From: E. Gladyshev (egladysh_at_[hidden])
Date: 2003-08-27 01:41:44
--- Daryle Walker <dwalker07_at_[hidden]> wrote:
> On Monday, August 25, 2003, at 2:57 PM, Peter Dimov wrote:
> has-bugs/is-slow/plain-old-sucks? There can be an orthogonal need for
> a different allocator class, which no improvement on the default one
> can fix.
> In this case, the Java user is 100% screwed since they can't change the
> memory manager at all. Or at least, can't change the manager without
> changing it everywhere. (Allocator policies allow mix-and-match.)
I am glad that boost is not a Java library. :)
Don't get me wrong, boost is an amazing library.
I am learning from it every minute I look at it,
great job guys thank you.
However I was a bit shocked when I realized how
ignorant boost is about memory policies.
For instance boost::signals use std::vector<>,
but it doesn't care to do anything about the allocator parameter.
Some libraries would mix global new/delete calls with user defined
memory policies and all that under the covers and the list goes on and on.
I don't like the STL allocators too much but I'd like to
see a modern C++ library that has consistent and
clear memory policies.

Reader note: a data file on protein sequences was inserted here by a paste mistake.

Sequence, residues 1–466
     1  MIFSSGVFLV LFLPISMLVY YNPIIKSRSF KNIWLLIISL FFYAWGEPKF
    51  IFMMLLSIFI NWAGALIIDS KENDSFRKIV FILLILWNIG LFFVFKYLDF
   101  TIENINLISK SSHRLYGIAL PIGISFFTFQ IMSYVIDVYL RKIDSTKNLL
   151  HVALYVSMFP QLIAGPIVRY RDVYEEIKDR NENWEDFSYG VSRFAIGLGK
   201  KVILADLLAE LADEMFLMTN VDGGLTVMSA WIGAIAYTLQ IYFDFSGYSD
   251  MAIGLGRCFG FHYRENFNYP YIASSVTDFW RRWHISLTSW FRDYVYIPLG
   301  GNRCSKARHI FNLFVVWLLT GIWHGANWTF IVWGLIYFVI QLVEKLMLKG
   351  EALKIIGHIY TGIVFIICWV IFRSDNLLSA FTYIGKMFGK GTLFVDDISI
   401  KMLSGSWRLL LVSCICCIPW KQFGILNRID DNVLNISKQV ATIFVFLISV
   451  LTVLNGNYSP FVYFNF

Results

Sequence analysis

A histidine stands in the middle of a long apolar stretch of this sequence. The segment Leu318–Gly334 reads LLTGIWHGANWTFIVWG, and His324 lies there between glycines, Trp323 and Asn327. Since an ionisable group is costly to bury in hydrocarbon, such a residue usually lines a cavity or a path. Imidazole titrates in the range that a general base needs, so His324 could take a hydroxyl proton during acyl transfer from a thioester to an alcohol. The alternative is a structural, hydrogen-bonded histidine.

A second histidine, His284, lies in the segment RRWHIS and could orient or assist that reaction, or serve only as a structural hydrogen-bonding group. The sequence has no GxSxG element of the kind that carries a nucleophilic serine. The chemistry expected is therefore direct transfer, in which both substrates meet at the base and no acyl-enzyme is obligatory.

Instead of having an allocator template parameter
for each class, perhaps we could design a global
memory management class that can be scaled horizontally
on the data type basis.
It will require some way to associate a user defined allocator
with data type.
Then we would need to define STL-style allocators that
will call the boost memory manager.
The boost memory policy could be along the lines:
1. All boost classes have to use boost::allocator<>
with STL allocators internally.
std::vector<int, boost::allocator<int> >;
2. If a boost class needs to create an object it must call boost::mm.
int *x = boost::getmm()->create<int>(1);
3. The user can customize memory policies for her class by calling regmm
boost::getmm()->regmm( MyAllocator<MyClass>() );
IMHO, in terms of memory management, this simple
policy will make boost to look more like a C++ library not Java.
It doesn't provide the flexibility of STL allocators but it
does give the user some control over the memory.
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